Like JFrames, each tab can contain only one element, so to use more of them, assign them to one container – such as a JPanel – and assign it to that tab – however this isn’t the case.

While the second element is the element to set as tab, the first is the tab’s name.

It seems quite complex, because I wanted to add an asterisk to the names of unsaved files.

All I did was add a string to the basic name stored in editor1’s variable name.

In order to decide whether to add an empty string “” or an asterisk “*”, I used a ternary operator, which is basically a one line alternative to if statement.

More on that in this article by JournalDev

Fifth and sixth lines

Nothing new here, just adding the tab container to the main panel and the main panel to the window’s default panel – just like in the previous section.

3. The Editor class


I’ve written this custom class for two reasons:

  1. to add that asterisk to unsaved files’ names;
  2. to open the file chooser in the file’s directory (for opened files).

It’s an exstension of the JTextArea class (the one used to create editable text area). This means that it has got all the functions and variables of its parent class, plus its own.

The important part of its code is this:

public Editor(...){...} is called constructor and it’s the function called when a new object is created.

A constructor is like a setup function.

Read what Guru99 says about contructors in Java

super(...) calls the constructor of the parent class, in this case JTextArea, so that the Editor object can be initialised correctly.

Apart from initialising an instanced object like every othe JTextArea object, the Editor’s constructor set the text area’s font using a function inherited from the JTextArea class.

The this keyword tells the computer that you want to call a function of that class, but you can also omit it. It isn’t always needed.

Finally, it sets the name of the file edited in that area.

The other two variables are the file’s path (set when a file is opened) and a boolean value (true or false) which indicates if the file has been modified since the last saving.

All other functions are just used to change or get those variables’ values from an instanced object.

4. Adding the menu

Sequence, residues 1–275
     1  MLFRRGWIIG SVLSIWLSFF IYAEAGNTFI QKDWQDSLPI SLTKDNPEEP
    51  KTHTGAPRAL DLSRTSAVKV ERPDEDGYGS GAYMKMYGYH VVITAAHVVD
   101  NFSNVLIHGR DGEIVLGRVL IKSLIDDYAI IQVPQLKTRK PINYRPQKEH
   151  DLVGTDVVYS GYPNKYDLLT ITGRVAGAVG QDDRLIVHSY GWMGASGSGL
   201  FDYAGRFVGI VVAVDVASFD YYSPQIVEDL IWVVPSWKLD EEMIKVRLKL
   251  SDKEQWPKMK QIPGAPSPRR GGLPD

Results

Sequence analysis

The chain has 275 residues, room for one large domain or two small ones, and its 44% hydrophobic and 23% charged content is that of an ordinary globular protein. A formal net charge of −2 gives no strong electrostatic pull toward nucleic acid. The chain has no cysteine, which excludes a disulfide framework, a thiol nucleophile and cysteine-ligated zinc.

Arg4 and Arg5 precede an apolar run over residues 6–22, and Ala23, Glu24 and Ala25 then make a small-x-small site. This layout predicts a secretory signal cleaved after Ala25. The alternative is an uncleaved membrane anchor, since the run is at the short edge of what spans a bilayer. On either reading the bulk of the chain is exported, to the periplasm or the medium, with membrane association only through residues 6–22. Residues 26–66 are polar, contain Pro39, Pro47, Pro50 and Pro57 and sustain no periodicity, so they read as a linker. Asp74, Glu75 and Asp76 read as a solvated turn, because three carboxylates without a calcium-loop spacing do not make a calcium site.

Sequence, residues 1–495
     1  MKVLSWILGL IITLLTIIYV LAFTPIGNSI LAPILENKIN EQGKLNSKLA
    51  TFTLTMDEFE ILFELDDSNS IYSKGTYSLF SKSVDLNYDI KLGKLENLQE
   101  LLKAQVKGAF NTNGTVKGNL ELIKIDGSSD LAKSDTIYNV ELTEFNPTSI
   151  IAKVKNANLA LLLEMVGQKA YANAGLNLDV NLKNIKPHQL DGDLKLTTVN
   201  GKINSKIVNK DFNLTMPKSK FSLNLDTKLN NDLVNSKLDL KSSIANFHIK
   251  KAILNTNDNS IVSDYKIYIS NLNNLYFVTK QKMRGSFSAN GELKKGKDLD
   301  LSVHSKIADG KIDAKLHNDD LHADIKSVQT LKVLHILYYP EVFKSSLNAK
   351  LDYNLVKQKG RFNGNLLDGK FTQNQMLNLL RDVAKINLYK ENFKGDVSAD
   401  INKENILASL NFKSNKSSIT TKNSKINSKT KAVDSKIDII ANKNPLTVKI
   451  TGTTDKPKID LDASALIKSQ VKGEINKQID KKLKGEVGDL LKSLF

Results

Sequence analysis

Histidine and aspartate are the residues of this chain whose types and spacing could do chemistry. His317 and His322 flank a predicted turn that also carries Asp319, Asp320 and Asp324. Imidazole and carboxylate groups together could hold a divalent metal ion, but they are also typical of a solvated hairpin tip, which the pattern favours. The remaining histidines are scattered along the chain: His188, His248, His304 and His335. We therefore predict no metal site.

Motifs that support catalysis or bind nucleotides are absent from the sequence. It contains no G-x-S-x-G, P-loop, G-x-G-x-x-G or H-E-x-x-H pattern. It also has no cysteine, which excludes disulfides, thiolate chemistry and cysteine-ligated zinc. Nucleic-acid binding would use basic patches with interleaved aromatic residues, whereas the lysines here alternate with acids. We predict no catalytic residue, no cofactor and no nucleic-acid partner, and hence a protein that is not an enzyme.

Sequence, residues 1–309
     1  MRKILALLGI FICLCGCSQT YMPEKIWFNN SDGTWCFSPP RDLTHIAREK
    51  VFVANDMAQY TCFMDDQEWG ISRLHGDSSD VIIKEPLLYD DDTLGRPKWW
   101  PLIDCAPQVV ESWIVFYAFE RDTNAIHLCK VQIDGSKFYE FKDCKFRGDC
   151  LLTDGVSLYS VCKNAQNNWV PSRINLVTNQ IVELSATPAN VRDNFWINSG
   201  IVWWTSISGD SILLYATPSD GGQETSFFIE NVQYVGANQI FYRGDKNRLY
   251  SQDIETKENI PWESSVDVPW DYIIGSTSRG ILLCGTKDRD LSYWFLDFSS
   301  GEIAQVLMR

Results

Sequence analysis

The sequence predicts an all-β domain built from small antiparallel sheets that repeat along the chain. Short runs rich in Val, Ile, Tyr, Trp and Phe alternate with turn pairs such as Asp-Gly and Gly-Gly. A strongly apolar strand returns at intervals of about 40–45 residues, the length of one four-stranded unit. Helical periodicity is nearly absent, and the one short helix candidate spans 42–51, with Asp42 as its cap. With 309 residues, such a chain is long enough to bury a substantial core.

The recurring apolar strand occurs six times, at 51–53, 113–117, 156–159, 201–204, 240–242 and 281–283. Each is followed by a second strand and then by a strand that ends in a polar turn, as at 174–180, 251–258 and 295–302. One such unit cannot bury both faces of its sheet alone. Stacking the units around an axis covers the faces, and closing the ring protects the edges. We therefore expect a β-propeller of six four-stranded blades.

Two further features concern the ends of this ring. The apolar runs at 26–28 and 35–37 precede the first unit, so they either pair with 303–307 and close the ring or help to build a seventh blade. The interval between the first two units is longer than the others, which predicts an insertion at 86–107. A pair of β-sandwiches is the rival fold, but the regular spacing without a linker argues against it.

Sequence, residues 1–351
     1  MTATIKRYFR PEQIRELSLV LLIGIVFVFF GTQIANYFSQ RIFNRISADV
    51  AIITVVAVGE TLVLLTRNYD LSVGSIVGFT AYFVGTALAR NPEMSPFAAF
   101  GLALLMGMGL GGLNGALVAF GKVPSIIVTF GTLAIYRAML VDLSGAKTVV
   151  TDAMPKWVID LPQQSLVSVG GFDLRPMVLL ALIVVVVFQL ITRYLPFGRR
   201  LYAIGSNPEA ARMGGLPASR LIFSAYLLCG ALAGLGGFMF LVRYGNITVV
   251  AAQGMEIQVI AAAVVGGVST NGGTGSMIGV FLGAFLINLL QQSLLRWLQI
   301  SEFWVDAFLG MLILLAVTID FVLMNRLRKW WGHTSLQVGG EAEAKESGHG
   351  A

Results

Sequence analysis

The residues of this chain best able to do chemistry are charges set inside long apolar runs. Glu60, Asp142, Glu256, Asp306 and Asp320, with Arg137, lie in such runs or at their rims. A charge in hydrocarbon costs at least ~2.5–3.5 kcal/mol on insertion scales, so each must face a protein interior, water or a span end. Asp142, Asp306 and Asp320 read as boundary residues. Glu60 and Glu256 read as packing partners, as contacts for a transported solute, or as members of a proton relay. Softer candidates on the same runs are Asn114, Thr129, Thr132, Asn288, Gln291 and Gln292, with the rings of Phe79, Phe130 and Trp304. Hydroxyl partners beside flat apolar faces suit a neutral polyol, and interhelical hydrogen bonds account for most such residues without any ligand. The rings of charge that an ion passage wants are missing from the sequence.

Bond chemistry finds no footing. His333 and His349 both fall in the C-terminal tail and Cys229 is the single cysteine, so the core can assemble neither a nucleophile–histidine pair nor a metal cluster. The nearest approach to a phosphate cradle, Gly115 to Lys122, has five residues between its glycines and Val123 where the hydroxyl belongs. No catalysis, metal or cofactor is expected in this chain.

How does the menu bar's code work


The Menu bar

Adding a menu bar is simple: create a JMenuBar object, add some menusI used two custom functions for that – and set it as the window’s menu bar.

The addFileMenu function

The addFileMenu and addEditMenu functions are identical, apart from small changes, such as the names of the items in each menu.

First of all this function creates a new menu with the name “File”.

Then it creates three items, “New”, “Open” and “Save”.

The interesting part begins now.

The function adds an action listener – got through its parameters – to each item and then it adds some shortcuts (setAccelerator).

The setAccelerator() function takes a parameter called KeyStroke, which specify a combination of keys on the keyboard: a “normal” key – letters, numbers, etc – and a modifier – Ctrl (Toolkit.getDefaultToolkit().getMenuShortcutKeyMask), Alt, Shift, etc -.

Finally each item is added to the menu created in the first line, which is added to the menu bar – which I called menu in the program for short.

The addEditMenu function works the same way.

End of the first part


I was going to write this tutorial all in one post, but it started to get too long.

Therefore, I’ve divided it in two parts: this one mainly about graphics and stuff the user can see and the second one about elements’ functions.

While you’re waiting for the next part, you can try to understand the program by yourself, otherwise just wait for the explanation.

If you want to learn the basics of programming, it doesn’t matter if you want to code in Java, C++ or whatever, start from here: Learn C programming

As always if you have any questions, ask them in a comment and if you liked the article, please share it.

Anyway, the post is finished, have a good day and we will see next week!

From Zephyro it’s all, Bye!

Categories: Learn Java